Behind her, Amy was calling her name. “Rosie. Rosie. Hey. Snap out of it.” Finally, Amy heaved her pregnant body up from her seat and placed her hand on her friend’s shoulder. “Rosie. Seriously, you’re scaring me,” she murmured. After a pause, she finally said the words: “That’s him, isn’t it?”

  Rosie nodded slowly. Her heart had begun to pound, causing a slight headache to form behind her temple. “I can’t believe it. He said it’s his first time back since—since—”

  “Since he left you to care for your baby all by yourself,” Amy answered, her voice stern.

  Rosie didn’t say anything. Her mind was reeling. She blinked toward Amy, wanting to voice her plans, but Amy spoke once more. “He asked you to leave him alone, Rosie. I don’t think this is the kind of man you should trust. What will happen if you go to him? He’ll just break your heart again.” Amy paused, sensing she was being tortuous again. “Aren’t you supposed to be moving on?”

  Rosie bowed her head. “Last night, I asked Jared whether or not he believed in fate. And he said of course he didn’t. He said it was foolish to think so. I think I used to believe it was foolish, as well, but Hakan was right. We were brought together for a reason. And now, the very fact that I caught him on television—when he’s been on my mind nearly constantly since he left—means that I need to go to him. I need to get answers. If not for me, then for my son.”

  With that, Rosie fled the room, grabbing her bag of clothes as she marched. She didn’t have time to change from her scrubs. Her mind was whirring, wondering what she would say to him; considering how she would get close enough to say all the wretched things she wanted to say. Would she spit in his face, or kiss him? She’d never felt so volatile.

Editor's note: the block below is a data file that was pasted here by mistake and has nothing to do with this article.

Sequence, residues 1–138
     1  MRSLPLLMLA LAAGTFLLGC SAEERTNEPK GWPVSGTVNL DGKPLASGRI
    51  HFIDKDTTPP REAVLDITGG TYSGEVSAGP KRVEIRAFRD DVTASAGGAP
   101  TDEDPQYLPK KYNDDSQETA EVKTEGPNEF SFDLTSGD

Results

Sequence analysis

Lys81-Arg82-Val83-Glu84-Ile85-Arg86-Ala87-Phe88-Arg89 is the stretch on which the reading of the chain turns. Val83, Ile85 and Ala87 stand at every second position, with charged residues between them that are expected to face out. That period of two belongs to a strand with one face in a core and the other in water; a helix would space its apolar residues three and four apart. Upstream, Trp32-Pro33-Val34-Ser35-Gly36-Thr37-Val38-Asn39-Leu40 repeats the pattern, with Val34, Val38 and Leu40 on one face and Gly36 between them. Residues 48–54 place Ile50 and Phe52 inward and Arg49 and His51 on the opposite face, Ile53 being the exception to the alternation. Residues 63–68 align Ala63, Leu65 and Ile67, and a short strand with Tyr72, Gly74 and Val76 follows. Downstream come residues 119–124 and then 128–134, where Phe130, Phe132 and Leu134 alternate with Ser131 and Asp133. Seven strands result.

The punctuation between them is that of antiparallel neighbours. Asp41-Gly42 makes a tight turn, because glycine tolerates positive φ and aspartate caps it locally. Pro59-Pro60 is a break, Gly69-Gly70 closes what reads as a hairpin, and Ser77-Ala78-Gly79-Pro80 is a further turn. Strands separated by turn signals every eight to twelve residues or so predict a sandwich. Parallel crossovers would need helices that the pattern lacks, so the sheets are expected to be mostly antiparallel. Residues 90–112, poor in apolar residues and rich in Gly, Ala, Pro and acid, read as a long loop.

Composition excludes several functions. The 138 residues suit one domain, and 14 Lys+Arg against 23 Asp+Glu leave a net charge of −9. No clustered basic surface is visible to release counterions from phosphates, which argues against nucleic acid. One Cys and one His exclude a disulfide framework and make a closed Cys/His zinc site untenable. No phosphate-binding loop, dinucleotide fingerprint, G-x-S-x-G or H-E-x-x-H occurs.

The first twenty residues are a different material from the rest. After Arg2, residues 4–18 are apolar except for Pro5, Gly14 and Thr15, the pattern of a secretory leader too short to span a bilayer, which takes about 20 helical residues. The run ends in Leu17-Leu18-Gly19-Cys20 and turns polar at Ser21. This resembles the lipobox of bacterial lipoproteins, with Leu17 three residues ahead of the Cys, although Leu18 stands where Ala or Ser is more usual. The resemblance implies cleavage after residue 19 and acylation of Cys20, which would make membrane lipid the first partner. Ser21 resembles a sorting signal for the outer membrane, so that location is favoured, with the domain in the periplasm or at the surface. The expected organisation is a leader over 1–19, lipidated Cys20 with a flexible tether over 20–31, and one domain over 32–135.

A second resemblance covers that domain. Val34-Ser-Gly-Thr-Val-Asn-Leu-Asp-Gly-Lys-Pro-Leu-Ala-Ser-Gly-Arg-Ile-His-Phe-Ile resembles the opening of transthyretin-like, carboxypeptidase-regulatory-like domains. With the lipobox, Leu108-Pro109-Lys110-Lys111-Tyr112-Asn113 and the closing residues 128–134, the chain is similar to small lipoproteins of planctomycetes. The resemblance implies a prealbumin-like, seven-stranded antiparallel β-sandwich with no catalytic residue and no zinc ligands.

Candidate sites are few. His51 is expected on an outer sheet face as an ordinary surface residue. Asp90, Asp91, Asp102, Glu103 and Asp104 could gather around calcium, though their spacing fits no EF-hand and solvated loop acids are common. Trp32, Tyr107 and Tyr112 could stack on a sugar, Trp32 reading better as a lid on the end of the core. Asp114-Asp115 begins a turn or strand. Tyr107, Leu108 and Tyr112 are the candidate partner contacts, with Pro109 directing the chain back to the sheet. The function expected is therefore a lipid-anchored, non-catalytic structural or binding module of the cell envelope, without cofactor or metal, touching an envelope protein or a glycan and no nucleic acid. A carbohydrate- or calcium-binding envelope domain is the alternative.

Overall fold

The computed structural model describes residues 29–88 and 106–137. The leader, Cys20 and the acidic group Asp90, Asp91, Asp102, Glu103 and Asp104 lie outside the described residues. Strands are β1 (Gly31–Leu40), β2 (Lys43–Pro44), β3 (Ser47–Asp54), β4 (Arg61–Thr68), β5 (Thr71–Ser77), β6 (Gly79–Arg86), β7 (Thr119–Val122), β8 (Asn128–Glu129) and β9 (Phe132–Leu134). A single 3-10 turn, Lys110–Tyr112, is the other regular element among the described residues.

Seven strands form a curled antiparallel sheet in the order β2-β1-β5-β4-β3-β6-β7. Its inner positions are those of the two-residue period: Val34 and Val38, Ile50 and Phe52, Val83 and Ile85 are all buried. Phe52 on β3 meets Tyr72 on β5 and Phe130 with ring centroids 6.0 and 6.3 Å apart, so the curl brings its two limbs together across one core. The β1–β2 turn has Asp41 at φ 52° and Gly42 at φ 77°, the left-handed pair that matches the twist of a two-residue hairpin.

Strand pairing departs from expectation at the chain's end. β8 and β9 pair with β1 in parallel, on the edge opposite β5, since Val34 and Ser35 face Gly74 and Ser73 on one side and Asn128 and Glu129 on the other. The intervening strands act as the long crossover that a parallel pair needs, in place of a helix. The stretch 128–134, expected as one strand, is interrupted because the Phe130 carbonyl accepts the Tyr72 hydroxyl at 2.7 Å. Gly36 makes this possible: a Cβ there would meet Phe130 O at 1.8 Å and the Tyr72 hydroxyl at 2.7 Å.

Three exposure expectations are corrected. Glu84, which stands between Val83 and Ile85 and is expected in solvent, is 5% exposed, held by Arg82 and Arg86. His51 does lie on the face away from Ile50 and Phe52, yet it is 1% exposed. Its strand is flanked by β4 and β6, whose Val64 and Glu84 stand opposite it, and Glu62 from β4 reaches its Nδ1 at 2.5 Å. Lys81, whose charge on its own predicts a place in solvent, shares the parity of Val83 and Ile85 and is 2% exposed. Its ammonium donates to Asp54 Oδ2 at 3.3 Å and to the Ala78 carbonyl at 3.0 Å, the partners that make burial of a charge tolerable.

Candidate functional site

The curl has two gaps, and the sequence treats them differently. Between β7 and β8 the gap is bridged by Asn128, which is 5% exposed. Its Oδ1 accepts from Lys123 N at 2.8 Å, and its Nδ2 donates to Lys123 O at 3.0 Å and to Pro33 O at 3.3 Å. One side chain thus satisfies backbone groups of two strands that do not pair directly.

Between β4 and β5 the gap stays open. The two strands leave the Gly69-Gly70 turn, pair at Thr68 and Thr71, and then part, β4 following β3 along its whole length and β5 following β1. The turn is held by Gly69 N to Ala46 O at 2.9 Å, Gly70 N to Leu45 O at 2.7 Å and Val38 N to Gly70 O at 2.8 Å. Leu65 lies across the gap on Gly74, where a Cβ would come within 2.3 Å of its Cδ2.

She rushed to the bus stop and pulled her phone from her pocket, dialing her mother. “Mom. Mom, it’s me. I’m on my way home now, but I wanted to ask if you could watch Zak tonight. Maybe all night, if possible.”

  “Well, that’s fine, honey,” her mother began, speaking slowly. “Don’t suppose you have another date with that engineer?”

  “Um. Kind of,” Rosie whispered, jolting forward as the bus took off into the street. It was better to lie at the moment. “I can explain everything tomorrow. But when I get home, I’ll only be back for a second.”

  “Don’t worry about
us,” her mother affirmed. “We’re just playing with blocks. He’s almost saying ‘Grandma’ now. Isn’t that something?”

  “Sure is, Mom. Sure is.”

  Rosie felt her heart swell in her chest. How could this wretched man not know about the glorious ways in which his son was growing, changing, and learning? How could he dismiss it—dismiss them both—as nothing?

  She would go to him. She would demand answers. And she would finally have a resolution for the most terrible, most wonderful thing that had ever happened in her life.